You know what gear you probably haven’t taken a good look at lately? Your ski poles. If you’re anything like me, you’re using a pair of rickety, noisy, increasingly unstable poles look like they’ve been drug behind a truck. Or maybe that’s not you and you’re just looking for a good upgrade. In either situation, the MSR DynaLock Explore poles have a lot to offer for the backcountry traveler.
MSR DynaLock Explore Features:
- Light, high-strength 7075 aluminum lower sections for increased durability.
- DynaLock™ adjustability with tool-free tensioning; anodized aluminum lever provides lasting durability.
- Extended EVA foam grip for comfort while sidehilling or choking up on steep terrain.
- Winter and summer baskets included for four-season functionality.
- Minimum length 39.5″; maximum 55″
- Weight: 1lb 3oz
- MSRP: $99.95
Poles for all purposes
It just so happens that my last poles, which I used religiously as a guide to save my knees and then all the year ’round after that, were from MSR. This, ladies and gentleman, was the MSR Flight 3 ultralight pole which I reviewed a whopping 5 years ago. They were great poles, and there are actually some great comparisons to be drawn with positive-locking (or internal lock) poles (like the Flight 3) versus the more sophisticated adjustable locking (or external lock) technology on the DynaLock poles we’re reviewing today.
So let’s dig into this comparison a little further. First, the DynaLock’s use a fairly sophisticated, tool-free adjustment system that is easy to fine-tune in the field. It consists of a clamp that tightens onto the shaft of the pole, and that clamp can be tightened by a simple screw that exerts more pressure onto the clamp when tightened. The real benefit here isn’t so much ‘adjustability’ per-se, since it doesn’t matter how ‘fine-tuned’ the fit is (you just need it to stay put after all). The real benefit is that, when the clamp inevitably becomes loose from use you can instantly tighten it back up.
By comparison, many poles (like the Flight 3 in that old review) use a positive-lock system. This is just a little sprung peg on the inner section that fits into a hole on that outer section. The result is a totally bomber pole extension that, if it’s built well, is basically foolproof. The downside, of course, is that you have limited ranges of adjustability and these poles tend to get noisy as they age and internal play increases.
So let’s evaluate the DynaLock a little. I’m expecting to use these for at least the next five years, and I do have some doubts about the long-term durability of this design. The issue is that the clamps use such tiny parts; there’s a tiny little screw, a tiny little hinge, a tiny little lever to exert force. It’s a totally functional design, but with the vagaries of outdoor use I do wonder how well these will last.
For the record, they’ve held up well to a month of tough backcountry skiing and being smacked against trees, so that is a good sign. At this point I do not have to adjust the tension regularly. The poles also have a wide range of adjustment, going up to 55″ which is a nice tall pole. They shrink down small enough to stow easily on my ski pack at just 24.5″.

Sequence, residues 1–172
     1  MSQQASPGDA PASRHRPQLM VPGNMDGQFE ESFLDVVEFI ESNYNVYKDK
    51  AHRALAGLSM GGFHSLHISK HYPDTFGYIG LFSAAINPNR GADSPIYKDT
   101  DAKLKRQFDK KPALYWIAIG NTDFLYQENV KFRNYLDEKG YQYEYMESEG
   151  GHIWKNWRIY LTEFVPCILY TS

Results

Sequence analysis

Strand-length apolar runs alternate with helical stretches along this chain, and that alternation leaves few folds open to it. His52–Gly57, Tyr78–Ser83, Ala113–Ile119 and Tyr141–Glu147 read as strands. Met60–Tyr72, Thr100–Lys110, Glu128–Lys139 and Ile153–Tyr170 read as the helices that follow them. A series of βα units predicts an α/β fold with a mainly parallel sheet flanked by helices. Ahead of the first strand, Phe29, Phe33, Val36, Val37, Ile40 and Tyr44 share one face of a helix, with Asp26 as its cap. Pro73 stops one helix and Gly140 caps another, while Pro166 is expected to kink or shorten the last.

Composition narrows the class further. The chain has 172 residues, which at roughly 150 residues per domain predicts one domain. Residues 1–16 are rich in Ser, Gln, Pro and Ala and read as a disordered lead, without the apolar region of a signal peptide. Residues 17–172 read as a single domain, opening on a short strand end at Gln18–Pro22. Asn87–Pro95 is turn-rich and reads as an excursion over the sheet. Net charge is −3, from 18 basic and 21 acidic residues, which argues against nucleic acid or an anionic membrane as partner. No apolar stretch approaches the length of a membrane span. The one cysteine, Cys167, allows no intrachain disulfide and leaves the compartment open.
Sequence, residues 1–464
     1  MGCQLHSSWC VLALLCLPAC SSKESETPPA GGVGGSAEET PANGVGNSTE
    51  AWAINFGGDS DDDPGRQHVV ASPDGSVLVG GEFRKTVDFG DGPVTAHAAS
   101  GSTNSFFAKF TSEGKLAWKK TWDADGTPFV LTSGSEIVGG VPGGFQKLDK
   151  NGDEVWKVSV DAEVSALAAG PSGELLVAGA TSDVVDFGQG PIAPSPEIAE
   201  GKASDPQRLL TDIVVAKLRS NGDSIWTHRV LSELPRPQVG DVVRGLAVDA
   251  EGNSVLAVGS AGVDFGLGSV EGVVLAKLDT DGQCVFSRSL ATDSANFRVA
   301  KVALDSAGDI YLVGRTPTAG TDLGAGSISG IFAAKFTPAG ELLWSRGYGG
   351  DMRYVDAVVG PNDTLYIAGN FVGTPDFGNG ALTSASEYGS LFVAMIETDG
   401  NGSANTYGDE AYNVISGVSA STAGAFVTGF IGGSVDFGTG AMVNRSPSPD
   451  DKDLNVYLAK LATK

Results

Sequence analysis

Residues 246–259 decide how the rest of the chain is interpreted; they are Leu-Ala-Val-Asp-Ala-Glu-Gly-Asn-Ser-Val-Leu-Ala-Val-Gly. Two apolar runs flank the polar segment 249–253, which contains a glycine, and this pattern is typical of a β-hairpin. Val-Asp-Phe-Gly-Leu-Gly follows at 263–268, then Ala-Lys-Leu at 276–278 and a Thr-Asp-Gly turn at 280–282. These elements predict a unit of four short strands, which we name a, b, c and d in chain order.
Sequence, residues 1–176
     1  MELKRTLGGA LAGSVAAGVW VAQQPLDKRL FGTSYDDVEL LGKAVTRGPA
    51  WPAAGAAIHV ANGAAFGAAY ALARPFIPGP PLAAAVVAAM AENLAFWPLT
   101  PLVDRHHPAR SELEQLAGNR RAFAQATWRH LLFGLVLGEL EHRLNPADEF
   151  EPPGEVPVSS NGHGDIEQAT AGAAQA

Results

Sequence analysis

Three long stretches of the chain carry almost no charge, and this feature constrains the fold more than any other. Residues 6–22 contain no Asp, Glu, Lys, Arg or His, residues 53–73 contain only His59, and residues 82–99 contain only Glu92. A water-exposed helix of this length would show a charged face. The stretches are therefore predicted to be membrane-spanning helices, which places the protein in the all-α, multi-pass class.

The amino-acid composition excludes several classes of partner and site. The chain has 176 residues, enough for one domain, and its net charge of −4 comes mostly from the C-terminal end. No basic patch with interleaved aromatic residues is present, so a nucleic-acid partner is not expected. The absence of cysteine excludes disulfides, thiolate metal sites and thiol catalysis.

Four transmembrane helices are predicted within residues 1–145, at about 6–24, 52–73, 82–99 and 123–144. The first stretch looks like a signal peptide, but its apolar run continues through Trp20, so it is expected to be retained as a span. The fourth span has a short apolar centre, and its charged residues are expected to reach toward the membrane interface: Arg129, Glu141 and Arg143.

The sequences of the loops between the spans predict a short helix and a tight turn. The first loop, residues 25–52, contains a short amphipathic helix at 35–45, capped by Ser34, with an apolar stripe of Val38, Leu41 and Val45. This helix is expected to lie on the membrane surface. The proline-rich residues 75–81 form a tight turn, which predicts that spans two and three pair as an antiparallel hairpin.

The handles are another important aspect of the design. MSR designed a very good, grippy handle that’s easy to love. There is also a foam grip further down on the shaft, which is nice for when you’re side-hilling and want to grip the pole lower down. The real benefit of the foam is that it insulates the ice-cold pole from your hand, making it easier to grip for long periods. This is especially nice if you’re like me and you just wear thin liner gloves, or no gloves, on sweaty ascents.
I really only have two issues with the grips. The first is that the foam on the grips and pole has a bad habit of picking up compacted snow and holding on to it. The snow this year has often been particularly wet and heavy, and if I get snow on that foam and then mash my hand down on it without first cleaning it off. This can make it harder to get a good grip on the pole. The second issue, which is more serious to me, is that the pole straps do not have a release mechanism. This is important for skiing in avalanche terrain, as you don’t want the pole to stay with your hand while you tumble since it can increase your risk of injuries. A detachable strap is a big boon to backcountry skiers, and since these poles don’t have them I opt to avoid the strap when skiing avalanche slopes — a common practice.
In use, the DynaLock poles do what you really need good gear to do: be forgettable. Despite my quibbles with strap releases or the relative benefits of internal or external locking mechanisms, the poles work very well in the field. I really like how laterally stiff they are, they feel very stable when you’re really torquing on them in a turn or pushing off. I love the big fat snow baskets, and I also love how MSR also included smaller touring baskets for summertime use. And at just over a pound, the poles are light enough to not hold you back (although you can fork out $$$ for a carbon version that trims off 2 oz, here).
- Packable, light and ready for any summer or winter use
- DynaLock design is very functional and convenient
- Handle is very comfortable and extended foam on the shaft is a great touch
- Lateral stiffness is very solid
- Tiny parts of the DynaLock design make me nervous
- I really wish the strap had a tension release
The Bottom Line: MSR DynaLock Explore
Overall, the Explore Backcountry Poles with MSR’s DynaLock technology are a package that can appeal to a lot of users. They’re light enough for the really intense crowd, but they are also affordable enough for a wide range of recreators. I love how small they pack and how easily they extend, and I will be eager to see how well this design lasts the test of time.
Buy Now: Available from REI.com